Morale v. power

Morale v. power
: Virginia Postrel gives us the inside perspective and true gen on the New York Times with a truth that has been known since I’ve been in this business:

In all the coverage of the NYT imbroglio … nobody to my knowledge has bluntly stated what most journalists know: The New York Times is a miserable place to work. That was true before [Howell] Raines, though he apparently made things worse, and it will be true now that he’s gone.

Times staffers are willing to put up with the paper’s ridiculous hours and extreme office politics for the same reason I put up with the paper’s demand for all rights to my articles: Because the benefits outweigh the costs. As long as the staff felt proud of their work, and of working for the Times, they put up with abusive management. But when the Times became a laughing stock, the tradeoff was no longer worth it, and a revolt was inevitable.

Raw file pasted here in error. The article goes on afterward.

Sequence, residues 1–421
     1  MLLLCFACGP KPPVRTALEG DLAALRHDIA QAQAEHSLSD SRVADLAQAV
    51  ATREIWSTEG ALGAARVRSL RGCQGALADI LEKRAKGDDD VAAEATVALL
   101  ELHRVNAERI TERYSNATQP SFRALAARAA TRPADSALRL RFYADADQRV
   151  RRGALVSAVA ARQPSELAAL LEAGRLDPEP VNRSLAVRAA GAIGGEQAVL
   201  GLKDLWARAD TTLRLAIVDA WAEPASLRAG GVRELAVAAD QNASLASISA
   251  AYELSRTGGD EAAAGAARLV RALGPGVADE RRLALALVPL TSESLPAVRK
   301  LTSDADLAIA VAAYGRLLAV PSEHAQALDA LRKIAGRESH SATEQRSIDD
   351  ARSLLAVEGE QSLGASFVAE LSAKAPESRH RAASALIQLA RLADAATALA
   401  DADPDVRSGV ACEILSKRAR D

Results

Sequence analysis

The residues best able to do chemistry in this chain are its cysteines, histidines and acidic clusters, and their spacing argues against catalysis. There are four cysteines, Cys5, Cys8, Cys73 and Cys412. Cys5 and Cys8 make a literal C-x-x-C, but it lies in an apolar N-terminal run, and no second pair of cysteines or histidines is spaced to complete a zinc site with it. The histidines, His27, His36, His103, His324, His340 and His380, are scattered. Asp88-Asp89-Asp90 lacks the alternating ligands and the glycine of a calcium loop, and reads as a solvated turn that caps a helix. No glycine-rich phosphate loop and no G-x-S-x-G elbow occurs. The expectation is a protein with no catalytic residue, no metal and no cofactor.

: Many years ago, I had one of the worst job interviews of my career at the Times. When I was there, a family friend saw me and asked with earnest passion, “Why would you want to work here? The politics are awful.”\

: I had a second job interview at the Times years later, with Max Frankel, who flattered me and contacted me about his idea of hiring a media critic at the Times. We never came to terms because I was about to start a magazine. And they never did get around to hiring a media critic. Too hot, that potato.

Now, the Times should hire a media critic. Now, more than ever.

  • Mike G

    Is there a newspaper that isn’t true of, however? I ask in all seriousness, but there seems something about the process of getting 500 people together to produce anything that seems likely to breed horrible politicking and infighting. And the people who rise to the top are likely to be the best at several of the worst things about it, no matter what their other talents.